2013 San Francisco Film Society Awards
Tuesday night saw an elite group of cinema saints receive awards from the minds and hands behind the 56th annual SFIFF, the San Francisco Film Society. The red carpet was graced by the man who gave us Dolby Digital, the screenwriter of Forrest Gump, a gravelly-voiced British badass, a geek-tastic Star Wars reunion, and much more. Way Too Indie was there to capture all the red carpet magic, just for you.
Here’s a list of the recipients of this year’s awards
Peter J Owens Award for Acting—Harrison Ford
One of the most charismatic and iconic leading men of the past 40 years of cinema, Harrison Ford is a treasure. His rugged charm, commitment to his craft, and iconic performances captured the imaginations of millions. Spielberg, Lucas and Scott created wondrous worlds for us to explore, and Ford was our guide. It’s one thing to believe an actor, and another completely to believe in an actor. Ford’s work is immortal, and his characters—Han Solo, Indiana Jones, Rick Deckard—will be a part of film history forever.
Founder’s Directing Award—Phillip Kaufman
Aside from helping pen the sweeping adventures of the aforementioned Indiana Jones, Phillip Kaufman has had an extraordinarily colorful directorial career. The styles and genres of his catalog are wonderfully varied, from the San-Francisco-set indie horror of Invasion of the Body Snatchers, to the space shuttle drama of The Right Stuff, to his Marquis de Sade biopic, Quills. His constant drive to challenge and reinvent himself makes him one of the most adventurous auteurs of our time.
Kanbar Screenwriting Award—Eric Roth
Penner of great films like Forrest Gump, The Insider, and Munich, screenwriting powerhouse Eric Roth has proved that Hollywood blockbusters don’t have to be schlocky cash-grabs—his screenplays are imaginative, artistic, and deeply human, always moving and always polished. Despite their complexity and sophistication, his stories have connected with people around the globe for decades. Munich is one of Steven Spielberg’s most underrated films, and most of its strength comes from Roth’s brilliant writing. He’s a screenwriter beginners should study and a master of his craft.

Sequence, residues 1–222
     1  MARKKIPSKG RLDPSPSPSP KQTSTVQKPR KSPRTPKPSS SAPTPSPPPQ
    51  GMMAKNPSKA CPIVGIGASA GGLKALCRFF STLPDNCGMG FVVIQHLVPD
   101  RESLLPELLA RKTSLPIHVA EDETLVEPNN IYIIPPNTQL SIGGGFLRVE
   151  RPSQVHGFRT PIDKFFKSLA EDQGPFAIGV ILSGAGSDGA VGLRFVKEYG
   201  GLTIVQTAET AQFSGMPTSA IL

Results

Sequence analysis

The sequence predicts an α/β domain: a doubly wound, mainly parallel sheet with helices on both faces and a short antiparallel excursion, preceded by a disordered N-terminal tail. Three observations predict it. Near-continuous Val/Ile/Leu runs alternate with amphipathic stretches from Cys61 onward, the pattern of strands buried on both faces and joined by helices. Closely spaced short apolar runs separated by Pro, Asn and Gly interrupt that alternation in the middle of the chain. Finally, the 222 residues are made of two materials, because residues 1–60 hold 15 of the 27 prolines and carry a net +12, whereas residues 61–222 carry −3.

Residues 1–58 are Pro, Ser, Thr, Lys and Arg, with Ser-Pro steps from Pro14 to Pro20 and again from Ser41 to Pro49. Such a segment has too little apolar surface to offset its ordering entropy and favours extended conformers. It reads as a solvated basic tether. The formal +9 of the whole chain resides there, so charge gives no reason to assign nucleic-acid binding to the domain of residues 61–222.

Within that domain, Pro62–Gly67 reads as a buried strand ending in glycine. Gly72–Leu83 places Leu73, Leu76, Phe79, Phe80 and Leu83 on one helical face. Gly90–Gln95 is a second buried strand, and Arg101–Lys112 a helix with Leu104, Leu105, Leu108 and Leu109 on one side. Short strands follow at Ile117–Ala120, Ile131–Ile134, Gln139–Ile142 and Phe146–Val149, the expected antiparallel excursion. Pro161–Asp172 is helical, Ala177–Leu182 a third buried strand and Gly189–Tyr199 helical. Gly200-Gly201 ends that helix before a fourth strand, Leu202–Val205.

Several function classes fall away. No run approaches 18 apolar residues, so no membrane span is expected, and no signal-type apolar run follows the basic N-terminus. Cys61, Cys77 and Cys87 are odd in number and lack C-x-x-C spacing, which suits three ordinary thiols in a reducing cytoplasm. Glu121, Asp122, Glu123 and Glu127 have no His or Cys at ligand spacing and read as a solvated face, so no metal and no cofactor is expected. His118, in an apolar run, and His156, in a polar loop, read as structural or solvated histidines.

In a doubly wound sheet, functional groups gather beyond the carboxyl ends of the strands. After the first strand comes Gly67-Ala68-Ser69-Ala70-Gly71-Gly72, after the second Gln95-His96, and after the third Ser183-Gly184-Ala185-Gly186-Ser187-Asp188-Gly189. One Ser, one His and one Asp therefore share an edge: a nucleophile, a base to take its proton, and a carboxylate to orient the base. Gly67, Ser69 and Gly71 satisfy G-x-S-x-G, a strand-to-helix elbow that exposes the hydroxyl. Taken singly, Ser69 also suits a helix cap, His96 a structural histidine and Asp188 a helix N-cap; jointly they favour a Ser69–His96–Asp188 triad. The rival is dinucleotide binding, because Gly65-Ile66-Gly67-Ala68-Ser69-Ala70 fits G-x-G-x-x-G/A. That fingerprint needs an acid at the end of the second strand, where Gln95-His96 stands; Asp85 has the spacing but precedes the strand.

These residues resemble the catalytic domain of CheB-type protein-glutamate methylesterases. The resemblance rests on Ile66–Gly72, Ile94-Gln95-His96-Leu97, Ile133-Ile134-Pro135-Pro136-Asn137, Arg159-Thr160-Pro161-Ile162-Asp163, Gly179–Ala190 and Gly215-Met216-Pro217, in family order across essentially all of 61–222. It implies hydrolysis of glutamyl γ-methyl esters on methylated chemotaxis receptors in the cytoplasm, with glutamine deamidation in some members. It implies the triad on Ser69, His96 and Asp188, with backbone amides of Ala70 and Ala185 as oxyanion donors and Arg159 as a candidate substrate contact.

Persistence of Vision Award—Jem Cohen
A cinematic experimentalist and perceptive silent watcher, Jem Cohen is a director more people should know, especially if you have an affinity for the arthouse. His quiet, observant films—typically a hybrid of documentary and fiction—are fascinating meditations on urban landscapes ravaged by modernity. We enjoyed his latest film, Museum Hours, which played at SFIFF, and recommend that you seek out his work. Cohen is one of the most unique voices in cinema today.
George Gund III Award—Ray Dolby
Yes—that Dolby. This is the guy. All of that beautiful sound spilling out of your speakers? Ray Dolby had a huge hand in making those booms, crashes, and whirrs sound so crisp and clear. An innovator in stereo sound, Dolby’s contributions are invaluable, and we all owe him a roaring round of applause (in stereo, of course.) Today, Dolby Digital is on the cutting edge of sound technology, just as the Dolby Sound System was back in 1965. If you want to talk impact, Dolby and his Dolby Laboratories have been immeasurably integral to the evolution of the movie-going experience.
Mel Novikoff Award—Peter von Bagh
Finnish director Peter von Bagh is one of the most knowledgeable film historians in the world. He’s written around 40 books on film, directed over 50 films, produced a long-running film radio series, and seen more movies than you and me combined. He’s a cinephile’s cinephile, and his love for world cinema has influenced film lovers far beyond his native Finland.